On July 28th, the world will mark the 70th anniversary of the adoption of the United Nations’ 1951 Refugee Convention, a historic multilateral agreement that clarified the rights of refugees under international law and the obligation of host countries to provide for their protection. The principles enshrined in the Refugee Convention set precedents for the rights, repatriation, and resettlement of refugees that still resonate to this day.

Read the full event transcript

However, these precedents are increasingly under strain amid a changing global context. Driven by violent conflict and insecurity, the world is facing a new displacement crisis. The COVID-19 pandemic has exacerbated displacement trends, pushing healthcare infrastructure to the brink and creating dire economic conditions as countries struggle to contain the virus. Meanwhile, climate change uprooted more than 30 million people—the highest figure in a decade. 

On July 28, USIP hosted U.S. Ambassador to the United Nations Linda Thomas-Greenfield to reflect on the 70th anniversary of the Refugee Convention and its critical importance in the current global context. The discussion took stock of the global community’s efforts to protect the rights of refugees and asylum seekers under international refugee and humanitarian law and considered how the United States and its network of allies and partners can better protect those rights in a moment of profound global crisis and uncertainty. 

Continue the conversation on Twitter with #RefugeeConventionAt70.

Speakers

Ambassador Linda Thomas-Greenfield
U.S. Ambassador to the United Nations

Lise Grande
President and CEO, U.S. Institute of Peace

Related Publications

How Climate Change Deepens Bangladesh’s Fragility

How Climate Change Deepens Bangladesh’s Fragility

Monday, September 13, 2021

By: Mubashar Hasan; Geoffrey Macdonald

The Intergovernmental Panel on Climate Change (IPCC) released its sixth report on the state of the earth’s climate in early August — and it paints a dire picture. The report argues that unless governments take appropriate measures to curb greenhouse gas emissions and spur behavioral change, the world is moving toward a climate crisis of rising sea levels, warmer temperatures and more extreme weather. The report’s findings are particularly relevant in Bangladesh, where low elevation, high population density and weak infrastructure make it highly vulnerable to climate change.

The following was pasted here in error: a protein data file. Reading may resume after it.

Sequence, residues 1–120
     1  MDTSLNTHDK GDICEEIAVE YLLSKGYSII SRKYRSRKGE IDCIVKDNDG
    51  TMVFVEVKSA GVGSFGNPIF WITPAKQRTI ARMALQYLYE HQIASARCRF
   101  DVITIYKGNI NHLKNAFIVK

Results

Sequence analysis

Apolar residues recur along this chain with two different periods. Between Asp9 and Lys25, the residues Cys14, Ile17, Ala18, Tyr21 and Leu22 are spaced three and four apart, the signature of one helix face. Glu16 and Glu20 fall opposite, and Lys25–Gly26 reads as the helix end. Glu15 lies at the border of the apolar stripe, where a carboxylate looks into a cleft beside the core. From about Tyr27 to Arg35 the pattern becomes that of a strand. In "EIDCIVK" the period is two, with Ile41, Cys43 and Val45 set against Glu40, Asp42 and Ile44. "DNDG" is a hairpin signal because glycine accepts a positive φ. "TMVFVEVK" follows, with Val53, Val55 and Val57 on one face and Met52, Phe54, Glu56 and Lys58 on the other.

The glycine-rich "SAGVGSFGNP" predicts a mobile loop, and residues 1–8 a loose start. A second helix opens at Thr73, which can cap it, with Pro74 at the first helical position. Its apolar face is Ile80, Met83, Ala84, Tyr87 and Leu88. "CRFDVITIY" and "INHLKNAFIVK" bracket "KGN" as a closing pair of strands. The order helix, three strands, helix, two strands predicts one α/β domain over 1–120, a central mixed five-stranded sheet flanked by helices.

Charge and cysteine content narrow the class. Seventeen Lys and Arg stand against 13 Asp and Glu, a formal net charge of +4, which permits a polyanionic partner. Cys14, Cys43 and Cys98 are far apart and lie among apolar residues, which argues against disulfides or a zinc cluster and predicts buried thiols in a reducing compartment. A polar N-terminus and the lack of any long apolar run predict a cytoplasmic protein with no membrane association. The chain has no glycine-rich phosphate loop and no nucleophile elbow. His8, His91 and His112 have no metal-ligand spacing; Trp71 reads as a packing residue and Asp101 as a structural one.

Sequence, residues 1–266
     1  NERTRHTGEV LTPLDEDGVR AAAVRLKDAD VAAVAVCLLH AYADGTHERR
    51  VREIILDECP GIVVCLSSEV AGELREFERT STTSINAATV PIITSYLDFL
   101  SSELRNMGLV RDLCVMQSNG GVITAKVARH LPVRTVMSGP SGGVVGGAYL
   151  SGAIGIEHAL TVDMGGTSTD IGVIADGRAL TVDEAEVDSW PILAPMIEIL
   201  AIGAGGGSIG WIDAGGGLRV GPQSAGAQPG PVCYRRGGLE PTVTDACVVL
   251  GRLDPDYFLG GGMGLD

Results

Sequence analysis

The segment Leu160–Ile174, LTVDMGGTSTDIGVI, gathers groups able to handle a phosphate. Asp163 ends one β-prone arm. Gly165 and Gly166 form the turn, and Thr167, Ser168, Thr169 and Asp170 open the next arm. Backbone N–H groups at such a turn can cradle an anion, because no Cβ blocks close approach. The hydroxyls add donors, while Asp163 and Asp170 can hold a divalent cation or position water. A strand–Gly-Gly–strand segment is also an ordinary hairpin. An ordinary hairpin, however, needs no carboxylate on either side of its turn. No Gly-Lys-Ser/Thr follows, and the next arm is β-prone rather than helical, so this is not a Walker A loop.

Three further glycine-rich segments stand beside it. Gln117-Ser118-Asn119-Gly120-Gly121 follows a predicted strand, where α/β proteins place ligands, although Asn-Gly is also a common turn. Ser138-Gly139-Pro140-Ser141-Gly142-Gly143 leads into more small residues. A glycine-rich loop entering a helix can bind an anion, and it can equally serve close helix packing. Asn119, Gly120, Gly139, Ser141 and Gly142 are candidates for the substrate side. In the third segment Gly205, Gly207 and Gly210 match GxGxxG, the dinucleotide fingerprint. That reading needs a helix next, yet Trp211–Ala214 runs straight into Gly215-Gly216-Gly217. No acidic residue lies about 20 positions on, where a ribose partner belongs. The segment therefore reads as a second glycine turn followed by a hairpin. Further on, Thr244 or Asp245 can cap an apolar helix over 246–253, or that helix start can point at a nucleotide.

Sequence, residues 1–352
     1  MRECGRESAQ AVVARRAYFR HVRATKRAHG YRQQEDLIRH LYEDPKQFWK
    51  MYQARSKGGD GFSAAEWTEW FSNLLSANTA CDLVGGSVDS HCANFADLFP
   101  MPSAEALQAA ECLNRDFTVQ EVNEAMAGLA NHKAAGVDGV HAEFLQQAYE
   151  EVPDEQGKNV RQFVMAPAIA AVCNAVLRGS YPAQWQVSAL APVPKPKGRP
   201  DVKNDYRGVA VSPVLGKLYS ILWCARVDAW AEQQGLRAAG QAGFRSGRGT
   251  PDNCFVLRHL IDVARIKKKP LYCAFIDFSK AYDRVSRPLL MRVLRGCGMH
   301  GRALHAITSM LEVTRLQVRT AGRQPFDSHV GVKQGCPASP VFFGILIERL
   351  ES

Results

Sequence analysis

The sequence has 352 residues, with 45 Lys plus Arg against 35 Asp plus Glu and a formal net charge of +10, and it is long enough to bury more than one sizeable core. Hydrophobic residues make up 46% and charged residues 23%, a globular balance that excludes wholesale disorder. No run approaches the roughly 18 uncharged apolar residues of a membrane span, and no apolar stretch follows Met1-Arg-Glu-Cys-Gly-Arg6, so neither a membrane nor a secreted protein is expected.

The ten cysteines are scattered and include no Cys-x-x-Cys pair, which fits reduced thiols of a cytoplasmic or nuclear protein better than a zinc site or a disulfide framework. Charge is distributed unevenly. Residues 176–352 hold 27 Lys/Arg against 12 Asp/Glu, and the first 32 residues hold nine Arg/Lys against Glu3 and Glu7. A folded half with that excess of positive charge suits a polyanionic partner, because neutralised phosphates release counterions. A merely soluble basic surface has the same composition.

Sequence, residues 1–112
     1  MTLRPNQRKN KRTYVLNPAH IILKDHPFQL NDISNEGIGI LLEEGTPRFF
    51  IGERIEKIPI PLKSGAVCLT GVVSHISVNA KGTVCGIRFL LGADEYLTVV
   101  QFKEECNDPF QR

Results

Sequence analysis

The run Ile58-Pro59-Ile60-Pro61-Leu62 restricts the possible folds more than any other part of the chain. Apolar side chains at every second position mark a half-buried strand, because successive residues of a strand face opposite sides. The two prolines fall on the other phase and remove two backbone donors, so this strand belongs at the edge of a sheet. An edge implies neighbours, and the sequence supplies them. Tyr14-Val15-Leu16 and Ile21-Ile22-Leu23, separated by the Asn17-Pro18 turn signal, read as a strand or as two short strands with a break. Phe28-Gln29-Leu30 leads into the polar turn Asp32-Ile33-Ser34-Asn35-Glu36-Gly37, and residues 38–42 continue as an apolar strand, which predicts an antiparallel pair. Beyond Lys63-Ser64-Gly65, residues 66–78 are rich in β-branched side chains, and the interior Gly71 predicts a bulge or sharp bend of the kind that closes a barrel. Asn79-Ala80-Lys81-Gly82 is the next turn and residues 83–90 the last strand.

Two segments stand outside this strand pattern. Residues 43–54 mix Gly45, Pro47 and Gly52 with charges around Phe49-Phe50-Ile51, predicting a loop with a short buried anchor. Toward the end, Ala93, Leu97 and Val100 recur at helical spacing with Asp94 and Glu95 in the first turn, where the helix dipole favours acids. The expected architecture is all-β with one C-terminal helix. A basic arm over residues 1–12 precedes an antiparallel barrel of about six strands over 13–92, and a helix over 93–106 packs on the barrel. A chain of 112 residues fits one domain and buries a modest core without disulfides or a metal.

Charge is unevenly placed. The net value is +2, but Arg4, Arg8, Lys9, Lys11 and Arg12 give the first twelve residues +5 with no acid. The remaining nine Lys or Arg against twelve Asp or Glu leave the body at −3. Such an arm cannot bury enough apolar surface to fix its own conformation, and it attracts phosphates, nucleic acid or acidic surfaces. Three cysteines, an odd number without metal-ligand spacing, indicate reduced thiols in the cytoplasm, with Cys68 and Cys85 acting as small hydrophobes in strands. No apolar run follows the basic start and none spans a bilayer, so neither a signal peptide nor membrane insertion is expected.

Type: Analysis and Commentary

Economics & Environment

After Taliban Takeover, Can Afghanistan’s Economy Survive?

After Taliban Takeover, Can Afghanistan’s Economy Survive?

Tuesday, September 7, 2021

By: William Byrd, Ph.D.

The Taliban’s unexpectedly rapid and complete victory over the now defunct Islamic Republic of Afghanistan brings with it yet another shock to the long-suffering Afghan people and the country’s very weak economy. Already plagued by insecurity, COVID, corruption, government over-centralization and mismanagement, declining revenues and drought, the Afghan economy will now face a host of challenges in the aftermath of the Taliban’s takeover and the international community cracking down on aid and assistance. As a new Afghan government takes shape, the actions of the Taliban and the response of the international community could greatly exacerbate or modestly ameliorate the current economic and humanitarian crises.

Type: Analysis and Commentary

Economics & Environment

Myanmar Regional Crime Webs Enjoy Post-Coup Resurgence: The Kokang Story

Myanmar Regional Crime Webs Enjoy Post-Coup Resurgence: The Kokang Story

Friday, August 27, 2021

By: Jason Tower; Priscilla A. Clapp

Following the coup by the Myanmar army on February 1, 2021, fighting exploded immediately in the China-Myanmar border area along a strategic trade route between the two countries. But the outbreak wasn’t about the coup — instead it was a battle between two Chinese-speaking militias over control of the Kokang Special Administrative Zone, a lucrative center for illegal business. The story behind this episode provides a small window on the rise of regional criminal networks under the army’s patronage and how they are enjoying a new lease on life under the junta.

Type: Analysis and Commentary

Conflict Analysis & Prevention; Economics & Environment

View All Publications